“I did notice some similarities in propagation between ZF1EJ on 630m and WH2XZO on 2200m band overnight. I would assume the XZO path was a single iono hop and ZF1EJ was multiple hops….but I have no way to substantiate that assumption… comparions of ZF1EJ and WH2XZO decodes below….note the factor of 10 stated tx power difference between EJ and XZO…”
Trans-Pacific report details, excluding KL7 and KH6, can be viewed here.
Hideo, JH3XCU, provided this link detailing VK -> total JA DX and VK -> JA peak S/N for the session.
Roger, VK4YB, reported that “QRN returned tonight. The source was storms off the East coast of Tasmania. Southern VKs would have fared worse. TP was almost non-existent but for the very long haul, sunrise, spot from Eden. Only a few spots from JA followed.” Roger received reports from ZF1EJ, JA3TVF, and JA1NQI/2. He shared two-way reports with WH2XCR.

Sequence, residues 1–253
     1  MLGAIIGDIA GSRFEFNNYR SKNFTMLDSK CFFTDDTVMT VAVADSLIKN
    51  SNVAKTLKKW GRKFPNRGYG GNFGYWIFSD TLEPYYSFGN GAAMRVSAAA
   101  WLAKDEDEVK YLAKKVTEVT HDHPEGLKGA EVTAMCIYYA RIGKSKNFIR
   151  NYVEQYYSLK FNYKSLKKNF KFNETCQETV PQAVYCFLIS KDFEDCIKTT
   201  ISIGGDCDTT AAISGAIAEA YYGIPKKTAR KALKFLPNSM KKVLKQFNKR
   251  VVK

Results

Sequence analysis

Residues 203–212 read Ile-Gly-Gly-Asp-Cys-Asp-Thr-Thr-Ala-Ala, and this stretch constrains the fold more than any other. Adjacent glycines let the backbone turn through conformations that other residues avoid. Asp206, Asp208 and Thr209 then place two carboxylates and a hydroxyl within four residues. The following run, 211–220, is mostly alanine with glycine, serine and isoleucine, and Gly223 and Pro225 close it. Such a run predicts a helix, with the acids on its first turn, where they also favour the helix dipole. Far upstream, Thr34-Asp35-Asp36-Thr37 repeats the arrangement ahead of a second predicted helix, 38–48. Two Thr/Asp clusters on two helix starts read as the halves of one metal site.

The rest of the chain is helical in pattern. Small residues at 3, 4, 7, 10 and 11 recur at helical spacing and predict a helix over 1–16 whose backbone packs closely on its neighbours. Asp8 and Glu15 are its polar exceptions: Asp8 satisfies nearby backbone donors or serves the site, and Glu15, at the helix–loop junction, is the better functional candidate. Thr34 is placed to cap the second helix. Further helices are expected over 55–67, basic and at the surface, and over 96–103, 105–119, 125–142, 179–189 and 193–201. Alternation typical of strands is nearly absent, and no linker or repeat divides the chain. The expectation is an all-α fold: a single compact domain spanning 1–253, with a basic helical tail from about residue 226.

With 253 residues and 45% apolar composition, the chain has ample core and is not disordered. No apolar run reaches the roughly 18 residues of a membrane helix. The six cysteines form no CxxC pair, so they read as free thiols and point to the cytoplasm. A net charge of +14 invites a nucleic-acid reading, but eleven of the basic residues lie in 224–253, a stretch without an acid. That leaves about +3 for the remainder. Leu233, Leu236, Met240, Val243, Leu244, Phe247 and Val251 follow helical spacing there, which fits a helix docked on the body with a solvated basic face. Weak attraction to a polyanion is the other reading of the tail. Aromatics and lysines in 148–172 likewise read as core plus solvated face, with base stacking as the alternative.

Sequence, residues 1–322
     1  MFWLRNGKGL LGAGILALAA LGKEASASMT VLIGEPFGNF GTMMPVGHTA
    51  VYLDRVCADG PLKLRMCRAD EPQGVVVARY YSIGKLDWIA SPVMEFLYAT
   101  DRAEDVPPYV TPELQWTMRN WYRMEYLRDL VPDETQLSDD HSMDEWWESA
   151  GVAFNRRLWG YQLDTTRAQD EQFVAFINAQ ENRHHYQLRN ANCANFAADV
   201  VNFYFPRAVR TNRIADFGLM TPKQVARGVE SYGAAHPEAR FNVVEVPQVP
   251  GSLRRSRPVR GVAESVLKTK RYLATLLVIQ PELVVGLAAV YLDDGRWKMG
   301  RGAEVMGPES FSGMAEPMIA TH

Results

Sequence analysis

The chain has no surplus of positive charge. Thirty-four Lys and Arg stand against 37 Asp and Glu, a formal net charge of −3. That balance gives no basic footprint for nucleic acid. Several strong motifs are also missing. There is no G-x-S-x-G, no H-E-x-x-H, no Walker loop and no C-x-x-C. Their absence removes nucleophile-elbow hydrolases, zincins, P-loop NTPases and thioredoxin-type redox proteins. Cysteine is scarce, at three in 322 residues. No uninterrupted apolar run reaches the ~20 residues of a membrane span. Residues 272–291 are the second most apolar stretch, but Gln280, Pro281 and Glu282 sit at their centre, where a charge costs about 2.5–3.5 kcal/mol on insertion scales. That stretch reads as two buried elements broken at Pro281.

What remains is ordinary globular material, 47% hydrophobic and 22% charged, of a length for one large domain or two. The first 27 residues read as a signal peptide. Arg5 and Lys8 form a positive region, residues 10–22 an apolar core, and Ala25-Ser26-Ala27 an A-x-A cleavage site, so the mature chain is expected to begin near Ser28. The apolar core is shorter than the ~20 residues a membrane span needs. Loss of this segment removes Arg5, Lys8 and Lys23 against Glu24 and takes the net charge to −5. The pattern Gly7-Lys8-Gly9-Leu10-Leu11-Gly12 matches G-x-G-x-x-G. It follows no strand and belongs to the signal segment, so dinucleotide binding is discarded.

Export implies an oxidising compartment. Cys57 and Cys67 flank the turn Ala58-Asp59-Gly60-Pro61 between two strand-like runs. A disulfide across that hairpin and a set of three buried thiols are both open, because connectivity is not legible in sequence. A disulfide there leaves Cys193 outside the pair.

Regional and continental WSPR breakdowns follow:
Eden, ZF1EJ, provided a very late report for VK4YB thirteen minutes after sunrise on Cayman. Eden provided reports for three WSPR stations and he received reports from eight unique stations. VK4YB report details are included in the trans-Pacific details listed earlier in this report.
Laurence, KL7L / WE2XPQ, provided reports for three WSPR stations and he received reports from four unique stations. He shared two-way reports with WH2XCR.
Merv, K9FD/KH6 / WH2XCR, provided reports for VK3HP and VK5FQ and he shared two-way reports with WE2XPQ and VK4YB. He received reports from VK2XGJ and ZL2AFP. The lead up to sunrise was devoid of reports. DX report details can be viewed here.
Jim, W5EST, presents, “PACIFIC NW 630m PATH SIMULATION FOR 8/21/17 SOLAR ECLIPSE”: